Making it crystal clear: Crystallinity reduces resistance in all-solid-state batteries

November 26, 2018

Scientists at Tokyo Institute of Technology examined the mechanisms behind the resistance at the electrode-electrolyte interface of all-solid-state batteries. Their findings will aid in the development of much better Li-ion batteries with very fast charge/discharge rates.

Designing and improving lithium-ion (Li-ion) batteries is crucial for extending the limits of modern electronic devices and electric vehicles because Li-ion batteries are virtually ubiquitous. Scientists at Tokyo Institute of Technology (Tokyo Tech), led by Prof. Taro Hitosugi, had previously reported a new type of all-solid-state battery, also based on lithium ions, which overcame one of the major problems of those batteries: high resistance at the interface between the electrodes and the electrolytes that limits fast charging/discharging.

Although the devices they produced were very promising and were much better than conventional Li-ion batteries in some regards, the mechanism behind the reduced interface resistance was unclear. It has been difficult to analyze the buried interfaces in all-solid-state batteries without damaging their layers. Therefore, Hitosugi and his team of researchers again investigated all-solid-state batteries to shed light on this topic. They suspected that crystallinity (which indicates how well-ordered and periodic a solid is) at the electrode-electrolyte interface played a key role in defining interface resistance.

To prove this, they fabricated two different all-solid-state batteries composed of electrode and electrolyte layers using a pulsed laser deposition technique. One of these batteries had presumably high crystallinity at the electrode-electrolyte interface, whereas the other one did not. Confirming this was possible by using a novel technique called X-ray crystal truncation-rod scattering analysis. "X-rays can reach the buried interfaces without destroying the structures," explains Hitosugi.

Based on their results, the team concluded that a highly crystalline electrode-electrolyte interface resulted in low interface resistance, yielding a high-performance battery. By analyzing the microscopic structure of the interfaces of their batteries, they proposed a plausible explanation for the increased resistance of batteries with less crystalline interfaces. Lithium ions are stuck at the less crystalline interfaces, hindering ion conductivity. "Controlled fabrication of the electrolyte/electrode interface is crucial to obtain low interface resistance," explains Hitosugi. The development of theories and simulations to further understand the migration of Li ions will be crucial for finally achieving useful and improved batteries for all kinds of devices based on electrochemistry.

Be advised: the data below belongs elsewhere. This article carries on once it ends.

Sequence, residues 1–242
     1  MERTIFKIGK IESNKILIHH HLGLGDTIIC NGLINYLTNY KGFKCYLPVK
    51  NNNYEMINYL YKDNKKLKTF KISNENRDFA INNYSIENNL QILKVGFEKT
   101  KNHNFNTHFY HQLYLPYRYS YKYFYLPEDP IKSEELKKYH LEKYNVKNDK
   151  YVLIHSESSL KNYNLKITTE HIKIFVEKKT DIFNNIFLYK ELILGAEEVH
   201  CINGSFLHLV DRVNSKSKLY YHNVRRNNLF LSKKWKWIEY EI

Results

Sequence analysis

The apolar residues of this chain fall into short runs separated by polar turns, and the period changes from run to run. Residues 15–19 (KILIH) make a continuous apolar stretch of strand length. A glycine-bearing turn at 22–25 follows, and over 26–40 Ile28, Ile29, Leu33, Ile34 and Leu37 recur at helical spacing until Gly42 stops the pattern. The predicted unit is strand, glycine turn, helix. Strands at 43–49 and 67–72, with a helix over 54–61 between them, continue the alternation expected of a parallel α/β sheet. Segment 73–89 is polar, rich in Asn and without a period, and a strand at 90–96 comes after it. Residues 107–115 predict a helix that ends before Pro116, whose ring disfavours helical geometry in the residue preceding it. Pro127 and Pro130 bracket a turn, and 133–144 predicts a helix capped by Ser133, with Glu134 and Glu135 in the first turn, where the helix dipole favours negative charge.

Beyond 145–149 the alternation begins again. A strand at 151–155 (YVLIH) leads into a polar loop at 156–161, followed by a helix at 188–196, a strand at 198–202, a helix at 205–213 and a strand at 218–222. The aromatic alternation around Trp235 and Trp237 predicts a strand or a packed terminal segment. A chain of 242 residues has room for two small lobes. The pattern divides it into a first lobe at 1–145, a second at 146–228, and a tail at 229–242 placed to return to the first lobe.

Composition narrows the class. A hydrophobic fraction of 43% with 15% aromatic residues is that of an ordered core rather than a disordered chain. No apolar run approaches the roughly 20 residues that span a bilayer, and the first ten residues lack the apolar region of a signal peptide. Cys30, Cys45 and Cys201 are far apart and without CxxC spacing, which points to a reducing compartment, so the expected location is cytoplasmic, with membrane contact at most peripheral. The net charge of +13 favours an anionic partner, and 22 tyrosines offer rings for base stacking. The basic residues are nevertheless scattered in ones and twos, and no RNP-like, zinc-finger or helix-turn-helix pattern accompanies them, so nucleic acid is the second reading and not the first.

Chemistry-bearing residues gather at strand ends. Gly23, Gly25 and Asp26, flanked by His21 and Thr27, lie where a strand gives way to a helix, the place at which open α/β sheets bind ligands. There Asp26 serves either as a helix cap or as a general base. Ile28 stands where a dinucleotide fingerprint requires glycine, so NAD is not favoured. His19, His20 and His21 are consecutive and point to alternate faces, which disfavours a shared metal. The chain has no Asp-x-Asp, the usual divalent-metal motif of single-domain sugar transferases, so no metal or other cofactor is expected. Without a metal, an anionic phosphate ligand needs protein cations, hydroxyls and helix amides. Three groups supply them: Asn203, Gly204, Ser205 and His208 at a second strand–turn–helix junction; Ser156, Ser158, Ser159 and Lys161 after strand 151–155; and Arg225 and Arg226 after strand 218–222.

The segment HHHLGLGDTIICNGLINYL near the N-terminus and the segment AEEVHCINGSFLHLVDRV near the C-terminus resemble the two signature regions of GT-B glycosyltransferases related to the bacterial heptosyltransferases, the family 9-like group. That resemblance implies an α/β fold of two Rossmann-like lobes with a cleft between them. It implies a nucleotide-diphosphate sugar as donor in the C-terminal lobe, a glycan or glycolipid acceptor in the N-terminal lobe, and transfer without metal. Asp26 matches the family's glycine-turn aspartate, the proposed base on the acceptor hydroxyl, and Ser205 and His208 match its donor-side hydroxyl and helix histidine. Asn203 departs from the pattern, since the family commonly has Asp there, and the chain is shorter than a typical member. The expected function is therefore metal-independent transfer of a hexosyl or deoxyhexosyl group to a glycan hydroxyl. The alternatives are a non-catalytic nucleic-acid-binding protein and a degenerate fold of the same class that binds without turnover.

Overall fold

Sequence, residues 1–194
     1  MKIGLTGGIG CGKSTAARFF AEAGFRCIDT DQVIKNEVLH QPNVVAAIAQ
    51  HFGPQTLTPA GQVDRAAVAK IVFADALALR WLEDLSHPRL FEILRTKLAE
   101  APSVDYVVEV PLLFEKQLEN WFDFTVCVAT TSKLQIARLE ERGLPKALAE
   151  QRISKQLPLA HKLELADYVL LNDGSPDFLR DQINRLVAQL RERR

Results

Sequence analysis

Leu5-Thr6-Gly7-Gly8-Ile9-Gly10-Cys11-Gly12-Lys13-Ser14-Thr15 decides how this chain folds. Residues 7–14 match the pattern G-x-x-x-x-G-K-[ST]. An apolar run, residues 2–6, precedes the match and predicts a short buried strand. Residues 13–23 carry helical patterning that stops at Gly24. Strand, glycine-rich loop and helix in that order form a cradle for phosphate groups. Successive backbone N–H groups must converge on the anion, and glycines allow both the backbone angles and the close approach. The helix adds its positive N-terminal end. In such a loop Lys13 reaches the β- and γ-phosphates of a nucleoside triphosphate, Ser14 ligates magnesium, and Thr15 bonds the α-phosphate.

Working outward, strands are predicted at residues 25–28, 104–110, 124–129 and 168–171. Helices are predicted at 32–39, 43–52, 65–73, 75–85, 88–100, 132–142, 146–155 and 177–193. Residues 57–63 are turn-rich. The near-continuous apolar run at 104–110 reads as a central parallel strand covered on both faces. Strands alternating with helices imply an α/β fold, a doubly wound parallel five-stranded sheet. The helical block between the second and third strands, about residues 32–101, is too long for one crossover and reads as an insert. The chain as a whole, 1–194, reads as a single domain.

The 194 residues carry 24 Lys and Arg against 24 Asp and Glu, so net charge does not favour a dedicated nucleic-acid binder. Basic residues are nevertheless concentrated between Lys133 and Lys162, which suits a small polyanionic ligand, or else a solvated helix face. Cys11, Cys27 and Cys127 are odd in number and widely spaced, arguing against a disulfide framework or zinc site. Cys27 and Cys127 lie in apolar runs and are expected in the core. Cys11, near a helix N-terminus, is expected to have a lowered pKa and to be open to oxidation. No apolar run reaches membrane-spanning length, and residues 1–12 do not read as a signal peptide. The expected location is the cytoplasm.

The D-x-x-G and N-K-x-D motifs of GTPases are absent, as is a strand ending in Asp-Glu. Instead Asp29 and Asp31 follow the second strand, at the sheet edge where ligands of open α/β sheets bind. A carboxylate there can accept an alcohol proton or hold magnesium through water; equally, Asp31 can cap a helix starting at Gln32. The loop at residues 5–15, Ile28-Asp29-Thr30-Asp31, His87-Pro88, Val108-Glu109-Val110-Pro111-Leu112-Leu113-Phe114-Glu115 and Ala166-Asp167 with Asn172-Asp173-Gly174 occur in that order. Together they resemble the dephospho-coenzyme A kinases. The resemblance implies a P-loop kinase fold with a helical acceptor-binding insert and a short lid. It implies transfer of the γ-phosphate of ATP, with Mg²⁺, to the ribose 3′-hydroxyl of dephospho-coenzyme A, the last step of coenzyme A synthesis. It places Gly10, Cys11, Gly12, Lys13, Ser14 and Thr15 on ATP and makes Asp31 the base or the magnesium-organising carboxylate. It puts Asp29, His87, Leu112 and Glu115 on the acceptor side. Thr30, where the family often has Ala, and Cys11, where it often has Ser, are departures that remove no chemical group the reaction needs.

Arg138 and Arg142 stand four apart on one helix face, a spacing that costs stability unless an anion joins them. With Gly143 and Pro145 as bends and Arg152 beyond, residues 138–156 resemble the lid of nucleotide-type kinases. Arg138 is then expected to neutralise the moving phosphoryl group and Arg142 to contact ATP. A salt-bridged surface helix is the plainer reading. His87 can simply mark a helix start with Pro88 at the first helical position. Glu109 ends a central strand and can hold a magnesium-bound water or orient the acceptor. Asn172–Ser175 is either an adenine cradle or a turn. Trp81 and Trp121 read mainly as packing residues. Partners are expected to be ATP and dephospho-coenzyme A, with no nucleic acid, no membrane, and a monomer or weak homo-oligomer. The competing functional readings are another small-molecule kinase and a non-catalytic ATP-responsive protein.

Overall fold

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This work is carried out in collaboration with Prof. Susumu Shiraki at Nippon Institute of Technology and Senior Researcher Tetsuroh Shirasawa at the National Institute of Advanced Industrial Science and Technology.

About Tokyo Institute of Technology

Tokyo Tech stands at the forefront of research and higher education as the leading university for science and technology in Japan. Tokyo Tech researchers excel in fields ranging from materials science to biology, computer science, and physics. Founded in 1881, Tokyo Tech hosts over 10,000 undergraduate and graduate students per year, who develop into scientific leaders and some of the most sought-after engineers in industry. Embodying the Japanese philosophy of "monotsukuri," meaning "technical ingenuity and innovation," the Tokyo Tech community strives to contribute to society through high-impact research. http://www.titech.ac.jp/english/

About Nippon Institute of Technology

Nippon Institute of Technology celebrated its 50th anniversary in 2017. Our mission was, and still is, to raise outstanding engineers who can utilize theoretical concepts of engineering in the frontline of industry. We developed our unique method using "practical engineering", making the best use of what students had learnt in technical high schools. http://www.nit.ac.jp/english

About National Institute of Advanced Industrial Science and Technology (AIST)

The National Institute of Advanced Industrial Science and Technology (AIST), one of the largest public research institutes in Japan, focuses on the creation and practical realization of technologies useful to Japanese industry and society, and on "bridging" the gap between innovative technological seeds and commercialization.

For this, AIST is organized into 5 departments and 2 centers that bring together core technologies to exert its comprehensive strength. http://www.aist.go.jp/index_en.html

About Japan Science and Technology Agency (JST)

JST is an organization that leads Japan's science and technology (S&T) development as an innovation navigator. We aim to contribute to the lives of people and the achievement of a sustainable society by promoting S&T for the purpose of opening up opportunities in innovation. Since its foundation, JST's many outstanding achievements accomplished in collaboration with the government, universities, the industrial sector and public have been earned global recognition. http://www.jst.go.jp/EN/index.html

Tokyo Institute of Technology

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